New code to govern milk prices is unveiled

MILK buyers are urged to implement the new industry code of practice voluntarily or face regulations forcing them to do so.

MILK buyers are urged to implement the new industry code of practice voluntarily or face regulations forcing them to do so.

The Dairy Coalition, made up of industry bodies including farming unions and dairy groups, also demanded further price rises for hard-pressed farmers.

And it called for the names of those milk buyers which did not comply with the Dairy Industry Code of Best Practice on Contractual Relationships to be made public.

NFU dairy board chairman Mansel Raymond said: “If Co-ops, smaller processors or any milk buyer for that matter thinks the code doesn’t apply to them, they are wrong.

“It is the responsibility of every milk buyer to ensure the voluntary approach to improving milk contracts succeeds. The alternative is legislation and the coalition will not rest until we see better more balanced contracts for dairy farmers.”

NFU President Peter Kendall said: “I am laying the challenge down to [food and agriculture minister] David Heath to put his full support and force behind the full implementation of the code.

“As a coalition we are committed to the success of the code and trust Defra to be equally committed. That said, we welcome David Heath’s recent challenge to processors, when he told the Dairy UK board that if contracts do not improve via the voluntary route, Defra will look to legislate.”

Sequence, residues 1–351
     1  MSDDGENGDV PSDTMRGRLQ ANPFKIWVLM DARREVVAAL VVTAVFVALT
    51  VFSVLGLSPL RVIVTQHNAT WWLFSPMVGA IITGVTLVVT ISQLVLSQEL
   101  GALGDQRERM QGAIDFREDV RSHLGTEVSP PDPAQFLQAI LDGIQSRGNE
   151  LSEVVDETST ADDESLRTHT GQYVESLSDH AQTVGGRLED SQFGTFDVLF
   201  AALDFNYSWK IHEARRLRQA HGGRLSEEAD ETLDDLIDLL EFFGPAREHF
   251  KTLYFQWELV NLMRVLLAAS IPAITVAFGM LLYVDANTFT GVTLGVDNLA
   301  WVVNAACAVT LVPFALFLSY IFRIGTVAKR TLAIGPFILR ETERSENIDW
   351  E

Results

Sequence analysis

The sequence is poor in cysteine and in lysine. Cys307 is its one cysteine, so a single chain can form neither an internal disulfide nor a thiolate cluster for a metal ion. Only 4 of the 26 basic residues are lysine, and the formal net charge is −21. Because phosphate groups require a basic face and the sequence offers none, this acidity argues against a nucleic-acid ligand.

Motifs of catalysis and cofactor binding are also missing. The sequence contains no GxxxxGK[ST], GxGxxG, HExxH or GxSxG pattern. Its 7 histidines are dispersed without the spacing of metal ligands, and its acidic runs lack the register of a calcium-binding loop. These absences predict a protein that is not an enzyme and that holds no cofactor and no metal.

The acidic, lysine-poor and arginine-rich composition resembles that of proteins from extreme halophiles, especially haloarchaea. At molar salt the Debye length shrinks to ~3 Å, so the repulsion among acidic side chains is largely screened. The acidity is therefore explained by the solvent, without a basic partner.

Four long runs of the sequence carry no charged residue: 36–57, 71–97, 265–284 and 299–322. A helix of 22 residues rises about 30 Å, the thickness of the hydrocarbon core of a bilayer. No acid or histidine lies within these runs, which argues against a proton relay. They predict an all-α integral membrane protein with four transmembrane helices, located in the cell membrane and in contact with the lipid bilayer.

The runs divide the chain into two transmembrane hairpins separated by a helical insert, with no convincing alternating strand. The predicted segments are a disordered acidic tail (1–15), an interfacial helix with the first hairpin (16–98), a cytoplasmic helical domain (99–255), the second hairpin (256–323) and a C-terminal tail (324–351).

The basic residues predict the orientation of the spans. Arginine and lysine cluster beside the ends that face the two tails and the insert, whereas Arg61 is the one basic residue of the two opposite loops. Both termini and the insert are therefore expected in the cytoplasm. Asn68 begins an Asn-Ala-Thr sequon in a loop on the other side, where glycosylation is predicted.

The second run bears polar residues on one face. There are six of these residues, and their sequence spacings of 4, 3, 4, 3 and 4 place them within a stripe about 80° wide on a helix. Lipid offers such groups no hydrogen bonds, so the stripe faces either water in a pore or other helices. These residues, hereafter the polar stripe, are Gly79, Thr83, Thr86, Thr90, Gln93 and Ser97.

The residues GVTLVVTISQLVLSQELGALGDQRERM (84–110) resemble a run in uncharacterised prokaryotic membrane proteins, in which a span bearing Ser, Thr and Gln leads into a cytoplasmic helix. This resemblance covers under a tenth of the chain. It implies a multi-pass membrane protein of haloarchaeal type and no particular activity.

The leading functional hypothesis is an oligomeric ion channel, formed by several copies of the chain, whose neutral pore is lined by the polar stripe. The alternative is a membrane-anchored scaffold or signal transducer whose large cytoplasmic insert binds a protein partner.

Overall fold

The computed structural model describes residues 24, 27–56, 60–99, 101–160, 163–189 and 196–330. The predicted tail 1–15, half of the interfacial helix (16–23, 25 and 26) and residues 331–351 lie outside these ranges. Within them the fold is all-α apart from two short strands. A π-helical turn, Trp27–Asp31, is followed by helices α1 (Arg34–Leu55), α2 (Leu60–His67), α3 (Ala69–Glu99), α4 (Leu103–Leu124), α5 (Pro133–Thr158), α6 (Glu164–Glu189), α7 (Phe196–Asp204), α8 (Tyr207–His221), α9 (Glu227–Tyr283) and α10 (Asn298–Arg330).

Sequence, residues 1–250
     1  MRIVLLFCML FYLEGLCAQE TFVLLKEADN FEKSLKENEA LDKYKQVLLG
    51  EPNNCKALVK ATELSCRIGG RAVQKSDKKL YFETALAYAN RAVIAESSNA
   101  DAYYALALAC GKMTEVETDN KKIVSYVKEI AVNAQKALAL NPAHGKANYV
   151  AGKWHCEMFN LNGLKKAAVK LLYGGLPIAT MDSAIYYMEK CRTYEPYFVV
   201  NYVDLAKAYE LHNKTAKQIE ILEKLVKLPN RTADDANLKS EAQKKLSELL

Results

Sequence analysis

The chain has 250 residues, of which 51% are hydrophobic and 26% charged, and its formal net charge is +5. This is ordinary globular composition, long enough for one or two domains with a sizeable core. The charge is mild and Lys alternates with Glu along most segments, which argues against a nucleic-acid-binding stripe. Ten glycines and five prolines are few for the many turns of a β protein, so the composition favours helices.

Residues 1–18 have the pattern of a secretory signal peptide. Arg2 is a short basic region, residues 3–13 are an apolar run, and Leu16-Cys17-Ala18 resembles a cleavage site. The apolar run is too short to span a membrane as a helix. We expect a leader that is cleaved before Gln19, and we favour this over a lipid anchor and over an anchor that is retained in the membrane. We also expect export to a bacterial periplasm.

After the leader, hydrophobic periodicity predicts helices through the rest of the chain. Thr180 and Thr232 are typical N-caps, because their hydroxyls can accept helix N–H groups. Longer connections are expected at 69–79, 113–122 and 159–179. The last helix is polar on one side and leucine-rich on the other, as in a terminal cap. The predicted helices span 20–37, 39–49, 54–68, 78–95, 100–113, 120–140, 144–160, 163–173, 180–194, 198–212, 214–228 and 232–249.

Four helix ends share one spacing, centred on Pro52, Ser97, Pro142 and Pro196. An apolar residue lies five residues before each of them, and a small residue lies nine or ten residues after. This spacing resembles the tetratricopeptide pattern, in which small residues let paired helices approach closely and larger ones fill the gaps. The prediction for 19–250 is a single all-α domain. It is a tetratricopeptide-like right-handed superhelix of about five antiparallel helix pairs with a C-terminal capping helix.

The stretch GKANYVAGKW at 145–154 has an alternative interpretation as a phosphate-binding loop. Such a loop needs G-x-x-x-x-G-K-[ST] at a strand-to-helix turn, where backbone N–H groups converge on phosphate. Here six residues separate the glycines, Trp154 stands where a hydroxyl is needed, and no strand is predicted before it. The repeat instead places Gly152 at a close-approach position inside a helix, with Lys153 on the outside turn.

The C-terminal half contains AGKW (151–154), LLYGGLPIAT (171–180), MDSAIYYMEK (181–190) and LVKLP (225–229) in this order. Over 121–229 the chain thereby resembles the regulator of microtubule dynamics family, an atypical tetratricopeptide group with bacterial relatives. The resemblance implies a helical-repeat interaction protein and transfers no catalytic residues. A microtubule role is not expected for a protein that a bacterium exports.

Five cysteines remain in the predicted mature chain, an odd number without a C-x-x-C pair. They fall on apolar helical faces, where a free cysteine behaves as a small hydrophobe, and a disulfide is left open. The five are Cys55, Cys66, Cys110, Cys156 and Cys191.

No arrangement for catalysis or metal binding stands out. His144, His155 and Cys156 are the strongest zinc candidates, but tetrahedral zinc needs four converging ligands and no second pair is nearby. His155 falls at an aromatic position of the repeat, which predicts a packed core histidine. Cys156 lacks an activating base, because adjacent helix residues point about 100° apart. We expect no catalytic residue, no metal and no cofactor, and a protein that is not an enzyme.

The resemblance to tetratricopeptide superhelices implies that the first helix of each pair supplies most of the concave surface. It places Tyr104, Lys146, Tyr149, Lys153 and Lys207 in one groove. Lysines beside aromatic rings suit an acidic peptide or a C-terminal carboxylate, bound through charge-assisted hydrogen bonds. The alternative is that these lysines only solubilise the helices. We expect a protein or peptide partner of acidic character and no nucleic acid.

Milk processors and Dairy UK have said it will be the end of March before contracts are improved.

Gary Mitchell, NFUS milk committee chairman, said: “While we’d like to see improvements before this date, we certainly will not sanction delays beyond this.

“We will challenge retailers and food businesses to only buy milk via compliant contracts or from processors who comply with the code and non-compliance will be made very public.”

Farmers for Action chairman David Handley said: “Despite all of our efforts, farm gate milk prices for deliveries in January are typically only 1ppl to 2ppl higher than in April 2012. Since then, costs of production have risen by 3ppl to 4ppl. Farmers need to see improving dairy market conditions translated into farm gate milk price rises.”

Members of the dairy coalition met at the NFU’s headquarters last week to discuss the way forward.


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